Hart & Risley Turned Inside Out
In Clayton Christensen's book, "Disrupting Class: How Disruptive
Innovation Will Transform Education," I have finally come to the
dreaded chapter on early childhood. In chapter six, Christensen says
flat out that America shouldn't invest in voluntary preschool because
it won't work. He then uses one of the most important studies of early
language learning, Hart and Risley's "Meaningful Differences in the
Everyday Experiences of Young American Children," to argue that pre-k
is too little too late to help kids' language development. The only
supportive evidence he sites is this study. I doubt Hart and Risley
would agree that preschool should not be funded because kids make the
most gains in language development from 0-3 years old.
"Rather than funding programs that hire people to substitute for parents who aren't succeeding at preschool talk, quite possibly we might have a greater impact if we taught children how to be parents before they become parents."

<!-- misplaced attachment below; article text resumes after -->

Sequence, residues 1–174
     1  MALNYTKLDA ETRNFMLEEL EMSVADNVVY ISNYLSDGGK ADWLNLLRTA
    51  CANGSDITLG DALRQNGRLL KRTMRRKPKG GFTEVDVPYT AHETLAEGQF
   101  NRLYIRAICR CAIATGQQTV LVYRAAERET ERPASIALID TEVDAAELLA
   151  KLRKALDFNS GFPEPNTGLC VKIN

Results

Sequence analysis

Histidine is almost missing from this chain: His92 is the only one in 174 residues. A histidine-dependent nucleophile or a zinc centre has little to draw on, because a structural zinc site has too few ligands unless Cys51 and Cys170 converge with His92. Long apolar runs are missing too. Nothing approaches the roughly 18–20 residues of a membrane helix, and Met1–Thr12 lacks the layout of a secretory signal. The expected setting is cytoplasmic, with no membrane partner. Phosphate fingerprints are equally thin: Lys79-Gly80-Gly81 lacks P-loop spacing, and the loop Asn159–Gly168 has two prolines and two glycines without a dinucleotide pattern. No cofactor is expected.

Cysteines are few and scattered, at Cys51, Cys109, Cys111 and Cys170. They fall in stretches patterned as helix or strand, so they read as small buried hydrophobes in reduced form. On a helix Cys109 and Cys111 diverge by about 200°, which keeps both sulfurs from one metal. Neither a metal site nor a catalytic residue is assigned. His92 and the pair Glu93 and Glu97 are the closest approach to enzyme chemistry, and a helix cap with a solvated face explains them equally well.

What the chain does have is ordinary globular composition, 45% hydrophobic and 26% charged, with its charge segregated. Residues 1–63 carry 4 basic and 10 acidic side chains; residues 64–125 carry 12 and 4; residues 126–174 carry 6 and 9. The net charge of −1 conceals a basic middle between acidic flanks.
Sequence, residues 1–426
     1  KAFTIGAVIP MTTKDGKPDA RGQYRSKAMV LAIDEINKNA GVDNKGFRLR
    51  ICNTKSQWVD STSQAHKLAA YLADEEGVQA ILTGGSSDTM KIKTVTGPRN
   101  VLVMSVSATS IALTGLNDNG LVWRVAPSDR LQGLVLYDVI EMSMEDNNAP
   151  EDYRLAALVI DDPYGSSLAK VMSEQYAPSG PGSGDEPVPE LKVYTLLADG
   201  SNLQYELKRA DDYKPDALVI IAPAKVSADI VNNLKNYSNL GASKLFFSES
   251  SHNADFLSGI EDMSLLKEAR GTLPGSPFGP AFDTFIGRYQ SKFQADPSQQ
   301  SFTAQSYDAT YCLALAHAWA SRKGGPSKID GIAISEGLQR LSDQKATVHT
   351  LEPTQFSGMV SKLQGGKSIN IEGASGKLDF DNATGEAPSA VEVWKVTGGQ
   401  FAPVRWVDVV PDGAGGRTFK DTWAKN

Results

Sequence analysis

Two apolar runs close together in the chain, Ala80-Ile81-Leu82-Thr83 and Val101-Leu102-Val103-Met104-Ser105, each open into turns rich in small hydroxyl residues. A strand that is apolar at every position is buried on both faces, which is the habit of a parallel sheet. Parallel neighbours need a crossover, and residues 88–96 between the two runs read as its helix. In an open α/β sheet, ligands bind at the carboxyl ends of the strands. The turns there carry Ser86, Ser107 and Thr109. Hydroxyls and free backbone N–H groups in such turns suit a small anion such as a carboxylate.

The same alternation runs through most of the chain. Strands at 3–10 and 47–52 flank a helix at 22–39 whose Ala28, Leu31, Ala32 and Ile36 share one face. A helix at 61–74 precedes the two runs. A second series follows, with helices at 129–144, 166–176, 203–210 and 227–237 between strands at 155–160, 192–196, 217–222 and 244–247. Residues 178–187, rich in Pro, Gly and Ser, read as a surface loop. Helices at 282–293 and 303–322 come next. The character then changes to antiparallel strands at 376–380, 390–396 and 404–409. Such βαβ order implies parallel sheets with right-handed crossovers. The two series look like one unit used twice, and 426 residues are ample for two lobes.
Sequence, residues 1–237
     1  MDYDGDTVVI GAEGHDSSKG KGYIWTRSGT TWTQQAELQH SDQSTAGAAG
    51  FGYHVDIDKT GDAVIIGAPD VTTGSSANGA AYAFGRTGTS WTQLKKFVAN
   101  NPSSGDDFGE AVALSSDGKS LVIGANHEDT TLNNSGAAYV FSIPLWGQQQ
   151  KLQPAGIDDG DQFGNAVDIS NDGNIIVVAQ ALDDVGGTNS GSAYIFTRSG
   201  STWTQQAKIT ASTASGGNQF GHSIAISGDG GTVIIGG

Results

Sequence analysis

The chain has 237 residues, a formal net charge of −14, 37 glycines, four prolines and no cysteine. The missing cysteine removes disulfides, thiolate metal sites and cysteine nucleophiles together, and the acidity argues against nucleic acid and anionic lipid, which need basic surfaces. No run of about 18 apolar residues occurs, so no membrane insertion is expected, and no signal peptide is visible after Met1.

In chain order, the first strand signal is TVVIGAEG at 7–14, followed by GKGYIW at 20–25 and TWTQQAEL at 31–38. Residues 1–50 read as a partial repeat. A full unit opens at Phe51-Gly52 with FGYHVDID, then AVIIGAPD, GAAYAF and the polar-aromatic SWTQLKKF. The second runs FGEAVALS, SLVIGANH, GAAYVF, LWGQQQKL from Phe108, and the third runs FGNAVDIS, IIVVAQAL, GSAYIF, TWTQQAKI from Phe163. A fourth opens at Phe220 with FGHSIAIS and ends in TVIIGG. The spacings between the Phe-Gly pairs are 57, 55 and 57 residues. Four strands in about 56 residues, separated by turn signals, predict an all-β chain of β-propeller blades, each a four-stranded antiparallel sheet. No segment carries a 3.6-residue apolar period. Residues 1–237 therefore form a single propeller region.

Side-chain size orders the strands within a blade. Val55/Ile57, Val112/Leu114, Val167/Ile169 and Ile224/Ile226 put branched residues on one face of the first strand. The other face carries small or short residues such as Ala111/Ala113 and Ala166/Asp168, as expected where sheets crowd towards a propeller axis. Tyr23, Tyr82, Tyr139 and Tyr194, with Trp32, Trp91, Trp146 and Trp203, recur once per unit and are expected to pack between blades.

This is why Head Start has, for approximately 40 years, included parent involvement and parent literacy training in its comprehensive services offered and required of parents. In fact, our program recently received an Early Reading First grant through VCU to implement, as part of a holistic literacy program, family literacy strategies based on Hart and Risley's work. To say that children learn most from 0-3 is not the same as saying kids don't learn from 3-5. Shouldn't poor kids have the chance to catch-up even if they do start out behind?